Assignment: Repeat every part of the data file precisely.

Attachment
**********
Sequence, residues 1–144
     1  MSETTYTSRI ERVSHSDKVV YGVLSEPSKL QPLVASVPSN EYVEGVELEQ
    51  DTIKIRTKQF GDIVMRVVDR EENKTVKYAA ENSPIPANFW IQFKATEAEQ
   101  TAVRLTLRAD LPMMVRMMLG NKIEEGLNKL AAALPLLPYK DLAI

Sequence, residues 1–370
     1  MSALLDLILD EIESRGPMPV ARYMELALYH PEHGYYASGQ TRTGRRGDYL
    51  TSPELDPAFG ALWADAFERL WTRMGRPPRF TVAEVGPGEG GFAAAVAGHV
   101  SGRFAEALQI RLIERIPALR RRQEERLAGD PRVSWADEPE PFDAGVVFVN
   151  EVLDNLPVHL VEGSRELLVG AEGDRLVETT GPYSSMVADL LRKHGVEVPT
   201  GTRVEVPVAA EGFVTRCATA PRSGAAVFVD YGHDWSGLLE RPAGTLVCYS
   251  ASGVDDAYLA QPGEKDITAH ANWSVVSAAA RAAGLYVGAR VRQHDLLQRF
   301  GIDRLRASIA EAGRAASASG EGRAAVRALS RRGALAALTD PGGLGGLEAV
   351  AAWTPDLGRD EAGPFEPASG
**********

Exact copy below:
Sequence, residues 1–144
     1  MSETTYTSRI ERVSHSDKVV YGVLSEPSKL QPLVASVPSN EYVEGVELEQ
    51  DTIKIRTKQF GDIVMRVVDR EENKTVKYAA ENSPIPANFW IQFKATEAEQ
   101  TAVRLTLRAD LPMMVRMMLG NKIEEGLNKL AAALPLLPYK DLAI

Sequence, residues 1–370
     1  MSALLDLILD EIESRGPMPV ARYMELALYH PEHGYYASGQ TRTGRRGDYL
    51  TSPELDPAFG ALWADAFERL WTRMGRPPRF TVAEVGPGEG GFAAAVAGHV
   101  SGRFAEALQI RLIERIPALR RRQEERLAGD PRVSWADEPE PFDAGVVFVN
   151  EVLDNLPVHL VEGSRELLVG AEGDRLVETT GPYSSMVADL LRKHGVEVPT
   201  GTRVEVPVAA EGFVTRCATA PRSGAAVFVD YGHDWSGLLE RPAGTLVCYS
   251  ASGVDDAYLA QPGEKDITAH ANWSVVSAAA RAAGLYVGAR VRQHDLLQRF
   301  GIDRLRASIA EAGRAASASG EGRAAVRALS RRGALAALTD PGGLGGLEAV
   351  AAWTPDLGRD EAGPFEPASG